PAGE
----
J. McLaughlin, J. Hennebry, D.C. Cole and G. Williams (2014), Policy Points, Issue VI.
There are currently about 300 000 temporary foreign workers employed in Canada every year, roughly 20 000 of whom work as migrant farm workers (MFWs) in the province of Ontario. MFWs travel primarily from Mexico, Central America and the Caribbean and typically work on a seasonal basis, with just over 15 000 workers annually coming to Ontario under Canada’s long-standing Seasonal Agricultural Worker Program (SAWP), and many under the Stream for Lower Skilled Occupations (SLSO). All workers are eligible (with some variability) for provincial health insurance in Ontario (OHIP) and workers’ compensation (WSIB), and are covered by provincial health and safety legislation through the Ministry of Labour, and yet MFWs are not always able or willing to access these health and compensation services. Further, these services often do not extend beyond Canada’s borders. MFWs face difficulties and barriers to access at every ‘stage’ of their journey, from pre-departure to their return home, not just their stay while in Canada.
M. Walton-Roberts, K. Williams, J. Guo and J. Hennebry (2014) Policy Points, Issue V.
Every year, about 17,500 internationally-educated nurses (IENs) immigrate to Canada from countries like the Philippines, India, and China. While many IENs would like to practice in Canada, new immigration policies and professional regulations at the federal and provincial level limits their ability to do so. In response, migrants are increasingly using two-step immigration routes to enter the profession (e.g., international student -> permanent economic immigrant) or pursuing alternative careers in health (e.g., Personal Support Worker). These outcomes have significant policy implications for labour force planning in nursing, ethical recruitment for international healthcare workers, the process of migrant workforce integration, and reproduction of migration as a form of gendered development for sending states. The purpose of this policy points is to summarize our findings from a Social Sciences and Humanities Research Council (SSHRC) knowledge synthesis report on how migrant transition programs intersect with labour force planning in the Canadian nursing sector. We consider the relevance of these issues for employers, regulators, the Canadian health system, and migrants themselves.
Andrea Pietrzak (2012) Policy Points, Issue III.
This backgrounder summarizes the risks faced by irregular migrants and humanitarian workers in Mexico based on various reports. Utilizing the documentation provided by, Casa del Migrante, a migrant shelter in Saltillo, Mexico, this backgrounder explains the security threats to migrants, migrant shelters and shelter workers. Recommendations are proposed on pages 3 and 4, aimed at Federal, State, Municipal and International levels of government.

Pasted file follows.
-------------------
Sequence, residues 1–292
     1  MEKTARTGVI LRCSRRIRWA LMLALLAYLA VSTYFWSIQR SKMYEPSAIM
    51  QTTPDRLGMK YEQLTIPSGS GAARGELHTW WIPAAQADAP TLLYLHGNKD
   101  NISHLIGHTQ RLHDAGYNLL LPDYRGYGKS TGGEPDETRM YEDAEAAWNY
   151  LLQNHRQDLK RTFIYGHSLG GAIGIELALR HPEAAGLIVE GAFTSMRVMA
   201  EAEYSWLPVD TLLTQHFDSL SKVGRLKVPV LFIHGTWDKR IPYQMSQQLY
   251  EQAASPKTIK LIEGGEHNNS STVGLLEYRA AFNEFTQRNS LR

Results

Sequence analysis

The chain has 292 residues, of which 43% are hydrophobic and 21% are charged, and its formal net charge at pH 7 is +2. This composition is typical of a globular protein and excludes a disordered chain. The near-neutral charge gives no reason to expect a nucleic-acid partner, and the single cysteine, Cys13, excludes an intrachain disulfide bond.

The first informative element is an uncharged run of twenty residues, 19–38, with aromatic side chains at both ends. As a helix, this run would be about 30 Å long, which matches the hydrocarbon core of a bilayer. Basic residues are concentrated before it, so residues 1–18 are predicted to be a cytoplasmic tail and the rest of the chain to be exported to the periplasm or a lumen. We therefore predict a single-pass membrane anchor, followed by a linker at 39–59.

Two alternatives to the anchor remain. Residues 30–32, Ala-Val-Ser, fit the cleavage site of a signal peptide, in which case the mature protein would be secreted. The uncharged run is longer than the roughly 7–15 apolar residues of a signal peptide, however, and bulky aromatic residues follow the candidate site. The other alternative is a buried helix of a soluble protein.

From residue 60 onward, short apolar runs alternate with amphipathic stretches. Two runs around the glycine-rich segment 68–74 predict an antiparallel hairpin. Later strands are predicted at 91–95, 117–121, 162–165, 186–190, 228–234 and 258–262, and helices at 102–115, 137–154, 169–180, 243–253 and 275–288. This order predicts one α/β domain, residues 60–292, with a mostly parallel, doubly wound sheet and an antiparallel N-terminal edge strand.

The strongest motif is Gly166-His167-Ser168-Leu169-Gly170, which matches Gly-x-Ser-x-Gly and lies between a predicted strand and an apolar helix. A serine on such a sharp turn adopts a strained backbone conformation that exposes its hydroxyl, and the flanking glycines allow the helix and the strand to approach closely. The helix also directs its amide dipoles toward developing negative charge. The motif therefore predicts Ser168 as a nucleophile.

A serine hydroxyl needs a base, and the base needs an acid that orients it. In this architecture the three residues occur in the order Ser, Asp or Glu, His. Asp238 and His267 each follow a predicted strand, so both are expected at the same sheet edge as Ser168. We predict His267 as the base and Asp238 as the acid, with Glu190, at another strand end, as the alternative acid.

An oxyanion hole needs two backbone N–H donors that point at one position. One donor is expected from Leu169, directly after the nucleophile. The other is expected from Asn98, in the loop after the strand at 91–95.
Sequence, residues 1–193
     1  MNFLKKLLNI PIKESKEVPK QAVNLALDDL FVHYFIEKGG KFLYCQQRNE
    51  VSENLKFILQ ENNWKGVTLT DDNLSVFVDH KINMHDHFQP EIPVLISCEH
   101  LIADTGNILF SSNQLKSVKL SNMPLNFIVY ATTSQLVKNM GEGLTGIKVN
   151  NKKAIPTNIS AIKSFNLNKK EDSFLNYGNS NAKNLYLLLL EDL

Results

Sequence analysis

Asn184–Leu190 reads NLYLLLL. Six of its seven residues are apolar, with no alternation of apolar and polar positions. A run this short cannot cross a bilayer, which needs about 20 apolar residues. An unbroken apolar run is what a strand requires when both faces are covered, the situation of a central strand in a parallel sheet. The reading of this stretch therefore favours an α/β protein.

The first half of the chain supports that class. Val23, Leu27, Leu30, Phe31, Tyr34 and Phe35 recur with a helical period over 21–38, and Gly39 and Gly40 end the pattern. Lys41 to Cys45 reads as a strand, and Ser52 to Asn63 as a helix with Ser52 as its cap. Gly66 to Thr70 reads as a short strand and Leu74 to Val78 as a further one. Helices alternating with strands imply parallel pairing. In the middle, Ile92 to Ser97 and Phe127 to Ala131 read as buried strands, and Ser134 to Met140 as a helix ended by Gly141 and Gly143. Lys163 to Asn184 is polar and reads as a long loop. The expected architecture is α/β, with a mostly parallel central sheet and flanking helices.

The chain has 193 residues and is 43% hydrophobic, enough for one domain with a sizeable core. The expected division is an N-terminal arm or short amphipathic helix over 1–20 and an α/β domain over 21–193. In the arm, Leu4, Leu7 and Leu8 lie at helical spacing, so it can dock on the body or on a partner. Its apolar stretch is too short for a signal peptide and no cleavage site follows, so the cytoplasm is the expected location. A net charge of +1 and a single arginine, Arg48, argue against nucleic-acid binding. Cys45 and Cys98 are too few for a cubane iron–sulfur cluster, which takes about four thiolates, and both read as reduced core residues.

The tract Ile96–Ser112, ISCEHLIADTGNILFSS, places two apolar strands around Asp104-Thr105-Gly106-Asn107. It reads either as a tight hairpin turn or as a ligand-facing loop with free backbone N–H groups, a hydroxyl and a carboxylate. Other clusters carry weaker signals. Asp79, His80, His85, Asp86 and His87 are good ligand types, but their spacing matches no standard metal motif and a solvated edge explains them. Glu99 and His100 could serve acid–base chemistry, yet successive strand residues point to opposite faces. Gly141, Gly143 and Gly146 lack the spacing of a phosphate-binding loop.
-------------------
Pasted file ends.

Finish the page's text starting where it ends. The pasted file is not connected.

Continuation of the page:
J. Hennebry and J. McLaughlin (2011) Policy Points, Issue II.
In this issue of Policy Points we have identified some of the most significant rights issues facing Temporary Foreign Workers (TFWs) in Canada based on our empirical research amassed over a decade of study. In order to address these problems, we have provided a number of recommendations for the Temporary Foreign Worker Program (TFWP) with an emphasis on some of the most vulnerable workers – those in the Pilot Project for Occupations Requiring Lower Levels of Formal Training (NOC C & D Pilot), and the Seasonal Agricultural Worker Program (SAWP). While recognizing that there are jurisdictional differences and many other changes could be integrated at the provincial and municipal levels, the following provide the most essential federal-level recommendations.
J. McLaughlin and J. Hennebry (2010) Policy Points, Issue I.
Annually, approximately 30,000 migrant farmworkers come to work across Canada from countries such as Mexico, Jamaica, Guatemala, the Philippines and Thailand through Canada’s Seasonal Agricultural Workers Program (SAWP) and the Pilot Project for Occupations Requiring Lower Levels of Formal Training (NOC C and D). Their health and safety has long been a neglected area of research, but several recent studies have now shed light on some important issues of concern. Despite these studies’ diverse contexts (Ontario and British Columbia) and methods (quantitative questionnaires and qualitative ethnography) the similar findings in each study demonstrate consistent patterns. The purpose of this backgrounder is to summarize the main findings of this recent research: (1) Hennebry, Preibisch and McLaughlin, 2010; (2) McLaughlin, 2009; and (3) Otero and Preibisch, 2009.